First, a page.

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A Visit from the Goon Squad Hardcover – 8 Jun 2010


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Product details

  • Hardcover: 273 pages
  • Publisher: Knopf Publishing Group; First Edition edition (8 Jun 2010)
  • Language: English
  • ISBN-10: 0307592839
  • ISBN-13: 978-0307592835
  • Product Dimensions: 16.8 x 2.9 x 24.3 cm
  • Average Customer Review: 3.4 out of 5 stars  See all reviews (163 customer reviews)
  • Amazon Bestsellers Rank: 1,235,662 in Books (See Top 100 in Books)

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Product Description

Review

It may be the smartest book you can get your hands on this summer. (Los Angeles Times)

Exhilirating...arresting...brilliant. Turn up the music...and curl up with The Goon Squad. (Washington Post)

A great work of fiction, a profound and glorious exploration of the fullness and complexity of the human condition. . . . An extraordinary new work of fiction.

(The New York Press)

A Visit from the Goon Squad [is] an exhilarating, big-hearted, three-headed beast of a story. . . . [A] genius as a writer. . . . We see ourselves in all of Egan's characters because their stories of heartbreak and redemption seem so real they could be our own, regardless of the soundtrack. Such is the stuff great novels are made of. (Marie-Claire)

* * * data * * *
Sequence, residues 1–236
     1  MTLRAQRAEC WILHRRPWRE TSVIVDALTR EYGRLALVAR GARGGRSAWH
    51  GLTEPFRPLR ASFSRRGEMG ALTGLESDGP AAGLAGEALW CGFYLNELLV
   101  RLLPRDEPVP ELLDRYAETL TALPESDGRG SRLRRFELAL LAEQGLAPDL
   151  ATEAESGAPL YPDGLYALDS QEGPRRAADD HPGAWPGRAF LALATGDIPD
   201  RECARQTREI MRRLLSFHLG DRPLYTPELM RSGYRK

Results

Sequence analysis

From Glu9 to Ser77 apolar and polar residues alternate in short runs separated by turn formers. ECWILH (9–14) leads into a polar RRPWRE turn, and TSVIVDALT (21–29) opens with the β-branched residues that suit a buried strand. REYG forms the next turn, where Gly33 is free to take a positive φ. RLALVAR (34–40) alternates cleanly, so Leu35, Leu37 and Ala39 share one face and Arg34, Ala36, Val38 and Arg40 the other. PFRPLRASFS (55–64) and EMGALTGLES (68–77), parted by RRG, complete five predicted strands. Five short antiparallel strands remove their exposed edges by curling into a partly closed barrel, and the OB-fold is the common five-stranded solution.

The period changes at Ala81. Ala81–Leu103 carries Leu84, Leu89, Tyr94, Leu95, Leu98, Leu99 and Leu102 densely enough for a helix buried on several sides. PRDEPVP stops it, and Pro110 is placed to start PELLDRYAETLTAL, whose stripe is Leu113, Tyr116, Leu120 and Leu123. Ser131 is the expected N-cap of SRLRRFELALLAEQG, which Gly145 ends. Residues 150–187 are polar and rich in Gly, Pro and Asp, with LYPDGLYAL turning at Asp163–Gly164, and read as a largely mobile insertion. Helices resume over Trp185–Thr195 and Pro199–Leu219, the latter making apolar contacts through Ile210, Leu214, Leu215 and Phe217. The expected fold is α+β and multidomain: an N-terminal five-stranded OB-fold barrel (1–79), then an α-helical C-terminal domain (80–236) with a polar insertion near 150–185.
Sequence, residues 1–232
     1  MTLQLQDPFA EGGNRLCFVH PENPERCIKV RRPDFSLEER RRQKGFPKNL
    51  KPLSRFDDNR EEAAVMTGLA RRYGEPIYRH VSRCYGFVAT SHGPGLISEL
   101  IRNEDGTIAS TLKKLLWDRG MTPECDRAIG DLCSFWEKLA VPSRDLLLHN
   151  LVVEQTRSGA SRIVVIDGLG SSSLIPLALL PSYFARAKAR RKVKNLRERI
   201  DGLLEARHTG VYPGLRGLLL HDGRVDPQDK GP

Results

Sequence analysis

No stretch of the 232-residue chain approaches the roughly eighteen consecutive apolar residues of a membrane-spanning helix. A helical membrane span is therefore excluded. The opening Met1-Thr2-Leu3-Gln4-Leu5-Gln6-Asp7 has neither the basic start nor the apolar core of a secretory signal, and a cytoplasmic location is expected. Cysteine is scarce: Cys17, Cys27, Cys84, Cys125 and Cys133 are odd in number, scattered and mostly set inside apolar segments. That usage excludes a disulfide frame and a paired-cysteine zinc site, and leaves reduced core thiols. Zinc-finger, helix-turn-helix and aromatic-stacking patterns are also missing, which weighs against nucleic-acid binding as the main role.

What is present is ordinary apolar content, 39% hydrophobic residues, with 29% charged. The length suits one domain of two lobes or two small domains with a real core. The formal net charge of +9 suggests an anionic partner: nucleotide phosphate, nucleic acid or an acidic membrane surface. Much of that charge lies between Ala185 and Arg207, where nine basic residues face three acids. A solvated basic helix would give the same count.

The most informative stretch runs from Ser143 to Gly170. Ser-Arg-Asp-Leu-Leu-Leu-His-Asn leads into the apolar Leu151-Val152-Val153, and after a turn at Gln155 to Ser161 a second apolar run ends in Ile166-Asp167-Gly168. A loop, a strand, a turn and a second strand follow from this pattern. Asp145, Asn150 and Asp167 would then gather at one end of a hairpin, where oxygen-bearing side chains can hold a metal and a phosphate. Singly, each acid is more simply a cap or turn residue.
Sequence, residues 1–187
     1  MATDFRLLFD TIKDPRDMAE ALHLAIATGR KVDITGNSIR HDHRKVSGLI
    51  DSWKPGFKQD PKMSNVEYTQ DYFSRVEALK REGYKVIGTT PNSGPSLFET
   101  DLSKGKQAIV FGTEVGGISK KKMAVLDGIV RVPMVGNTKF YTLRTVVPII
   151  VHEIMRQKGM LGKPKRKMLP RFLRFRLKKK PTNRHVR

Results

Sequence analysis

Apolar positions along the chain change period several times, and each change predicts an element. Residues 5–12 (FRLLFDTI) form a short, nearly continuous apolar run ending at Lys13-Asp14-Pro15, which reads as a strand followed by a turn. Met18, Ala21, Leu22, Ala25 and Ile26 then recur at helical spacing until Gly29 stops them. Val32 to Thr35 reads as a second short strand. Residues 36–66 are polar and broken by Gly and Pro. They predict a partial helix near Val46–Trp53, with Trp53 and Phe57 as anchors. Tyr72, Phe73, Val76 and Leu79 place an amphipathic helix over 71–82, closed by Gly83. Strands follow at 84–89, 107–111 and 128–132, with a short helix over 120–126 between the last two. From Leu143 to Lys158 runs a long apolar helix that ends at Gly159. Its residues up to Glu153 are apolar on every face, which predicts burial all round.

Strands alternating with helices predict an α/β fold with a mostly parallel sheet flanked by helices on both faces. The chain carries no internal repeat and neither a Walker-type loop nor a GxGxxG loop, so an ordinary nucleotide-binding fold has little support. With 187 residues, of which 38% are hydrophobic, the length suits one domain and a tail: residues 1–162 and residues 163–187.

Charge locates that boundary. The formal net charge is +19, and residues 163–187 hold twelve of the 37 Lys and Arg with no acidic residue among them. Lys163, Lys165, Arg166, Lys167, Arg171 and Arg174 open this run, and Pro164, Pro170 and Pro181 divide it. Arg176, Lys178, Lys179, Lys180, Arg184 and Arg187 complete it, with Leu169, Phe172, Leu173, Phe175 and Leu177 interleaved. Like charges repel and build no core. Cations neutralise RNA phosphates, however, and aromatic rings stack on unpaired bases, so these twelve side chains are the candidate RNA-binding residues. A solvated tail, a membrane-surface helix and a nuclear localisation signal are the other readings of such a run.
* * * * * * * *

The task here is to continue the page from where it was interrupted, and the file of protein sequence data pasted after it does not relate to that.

A rich and rewarding novel. (Philadelphia Inquierer)

Clever. Edgy. Groundbreaking. . . . It features characters about whom you come to care deeply as you watch them doing things they shouldn't, acting gloriously, infuriatingly human. (The Chicago Tribune)

"[Egan is] a boldly intellectual writer who is not afraid to apply her equally powerful intuitive skills to her ambitious projects. . . . While it's a time-trekking, tech-freakin' doozie, the characters' lives and fates claim the story first and foremost, and we are pulled right in. . . . Brilliantly structured, with storylike chapters." (Elle)

Jennifer Egan is a rare bird: an experimental writer with a deep commitment to character, whose fiction is at once intellectually stimulating and moving. . . . It's a tricky book, but in the best way. When I got to the end, I wanted to start from the top again immediately, both to revisit the characters and to understand better how the pieces fit together. Like a masterful album, this one demands a replay. (The San Francisco Chronicle)